Imagine meeting your Latin American parents-in-law and not knowing if you should use an usted (you) or (you) when speaking to them.

What if you sound disrespectful?

Or imagine saying usted to a friend and hearing him laugh at you. What was so funny?

If you’re learning Spanish, you might have made some mistakes with “you” in Spanish. Even talking to your language teacher might be confusing, because you might not know which pronoun to use, and don’t want to sound rude.

That’s okay. It’s a common problem among English speakers because in English you only use “you” to refer to someone. It doesn’t matter if that person is close to you or not.

But if you want to improve your Spanish, we’ll explain when to use usted and . This will give you more confidence when talking to a native Spanish speaker!

Usted vs vs Vos vs Vosotros

There are countries, such as Argentina and Uruguay, that prefer to use vos instead of . The meaning is the same though: the second person singular. To speak in a more formal way, they use usted.

In other countries where they prefer , they also use usted in a formal way.

In Spain they use and usted for the second person singular (you). But they use vosotros / vosotras to refer to the second person plural (think you all, you guys, y’all, etc) in an informal way, and use ustedes in the formal way.

The other countries only use ustedes as the second person plural.

When to Use Usted and

The first thing to have in mind is that is less formal than usted. That will save you in many confusing situations.

You use usted when you’re speaking to someone that you don’t know very well. For example: “¿Usted es nuevo por aquí?” (Are you new around here?)

You also use usted with older people, since it’s a sign of formality and respect to your elders. You also use this pronoun when speaking to all kinds of authorities; if not, you could sound disrespectful.

So, remember to use usted when speaking to a teacher, a police officer, a boss, or someone in a position of power. For example, reporters about to cover a press conference with a politician, refer to him/her as usted.

If you’ve ever studied abroad, you might’ve heard students talking to their teachers with a . Though children are always taught to use usted with teachers, nowadays teens and young adults sometimes prefer to use a .

It depends on the professor, how serious he/she is, and if they let you use that pronoun. But it’s always better to address an educator in a formal way first and let them tell you to use later if they prefer it.

You use when talking to kids, friends, romantic partners, and people that you know very well and have an informal relationship with.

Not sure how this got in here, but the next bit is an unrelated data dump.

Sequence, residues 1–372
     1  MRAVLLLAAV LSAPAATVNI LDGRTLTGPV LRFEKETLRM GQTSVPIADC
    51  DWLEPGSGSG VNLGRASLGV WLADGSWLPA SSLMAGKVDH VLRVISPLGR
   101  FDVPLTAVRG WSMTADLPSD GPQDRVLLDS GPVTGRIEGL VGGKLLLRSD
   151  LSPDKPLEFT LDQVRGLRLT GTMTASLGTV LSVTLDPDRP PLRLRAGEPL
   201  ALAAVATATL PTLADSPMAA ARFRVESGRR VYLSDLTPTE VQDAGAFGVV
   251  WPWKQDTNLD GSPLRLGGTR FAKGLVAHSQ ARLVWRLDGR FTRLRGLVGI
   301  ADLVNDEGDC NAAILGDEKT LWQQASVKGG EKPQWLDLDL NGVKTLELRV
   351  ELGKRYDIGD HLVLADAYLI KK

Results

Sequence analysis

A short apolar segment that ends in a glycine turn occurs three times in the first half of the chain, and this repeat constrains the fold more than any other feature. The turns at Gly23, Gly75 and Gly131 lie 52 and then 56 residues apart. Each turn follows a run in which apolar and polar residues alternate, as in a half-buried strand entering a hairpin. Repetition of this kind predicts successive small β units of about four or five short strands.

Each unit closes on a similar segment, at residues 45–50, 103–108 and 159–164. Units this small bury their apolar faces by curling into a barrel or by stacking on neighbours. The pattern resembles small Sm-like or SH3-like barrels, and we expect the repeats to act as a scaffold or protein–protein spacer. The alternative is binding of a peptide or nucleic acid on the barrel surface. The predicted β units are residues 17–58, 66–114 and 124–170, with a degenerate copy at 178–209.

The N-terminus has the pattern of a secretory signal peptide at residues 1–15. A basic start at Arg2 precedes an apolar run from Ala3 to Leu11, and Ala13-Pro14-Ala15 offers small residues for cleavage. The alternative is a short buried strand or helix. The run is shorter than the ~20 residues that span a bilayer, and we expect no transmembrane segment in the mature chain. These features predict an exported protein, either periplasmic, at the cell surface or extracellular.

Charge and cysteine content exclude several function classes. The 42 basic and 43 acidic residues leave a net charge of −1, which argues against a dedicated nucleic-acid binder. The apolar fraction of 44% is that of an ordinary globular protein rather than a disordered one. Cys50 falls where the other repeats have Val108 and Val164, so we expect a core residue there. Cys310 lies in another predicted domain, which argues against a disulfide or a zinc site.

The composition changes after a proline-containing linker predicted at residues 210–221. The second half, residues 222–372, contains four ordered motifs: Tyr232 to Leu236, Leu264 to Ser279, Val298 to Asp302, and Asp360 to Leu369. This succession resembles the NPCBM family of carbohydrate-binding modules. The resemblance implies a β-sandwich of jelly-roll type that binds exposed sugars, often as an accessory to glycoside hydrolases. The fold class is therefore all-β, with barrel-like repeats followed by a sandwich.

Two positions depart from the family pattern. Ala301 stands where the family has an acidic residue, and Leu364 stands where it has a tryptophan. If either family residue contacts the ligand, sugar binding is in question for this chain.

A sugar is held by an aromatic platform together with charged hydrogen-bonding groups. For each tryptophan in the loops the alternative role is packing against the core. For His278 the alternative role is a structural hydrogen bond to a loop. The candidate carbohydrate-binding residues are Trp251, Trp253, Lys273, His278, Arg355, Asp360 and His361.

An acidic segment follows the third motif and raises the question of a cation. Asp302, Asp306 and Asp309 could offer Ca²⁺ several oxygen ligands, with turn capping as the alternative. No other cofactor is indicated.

It’s also fine to speak to other people your age using this informal way of speaking, even if you’re meeting them for the first time. Especially among young people, you’ll hear a lot of , even when they don’t know the other person very well yet.

Here comes a tricky aspect: when talking to a family member, you usually use . But some people, depending on the state and on how traditional the family is, use usted. If the family is more conventional, they might find the disrespectful. For others, though, it is not rude.

So, sometimes you will hear some kids saying to their parents, but others will say usted. If you are new to the family, like a son-in-law, it’s best that you stick to usted. For Americans, you can hear some families say yes, ma’am and yes, sir to their parents, so it’s something like that.

In the same line of thinking, you’ll also hear people from other states, towns, the countryside, or with a traditional education using usted with everyone. No matter if it’s a friend, a boyfriend, or how close they are to the person. For them, usted is the way to go, due to the respect and formality that it shows.

If an elderly person is talking to you, no matter your age, they might always use the formal way of speaking, because they prefer that. For example: “Usted es un joven muy inteligente.” (You are a very intelligent young person).

Immerse Yourself in the Spanish Language

This topic can be complicated because of the many types of relationships that exist. There are romantic relationships, friendships, boss-employee relations, colleagues, business relations, classmates, and more. But it’s not a reason to be afraid of speaking Spanish.

You just have to remember the golden rule: usted is formal; is informal.

If you’re still insecure about this topic, watch some international shows, read some books in Spanish, and immerse yourself in any kind of Spanish activity. That way, you’ll absorb the way people speak with others.

You can also sign up for TruFluency’s Spanish classes. Our teachers are native speakers, so that will help you understand the pronouns, improve your conversational skills, and more. You’ll learn useful things and become fluent.

Sign up now and save 20% off your first month of classes with code TF20!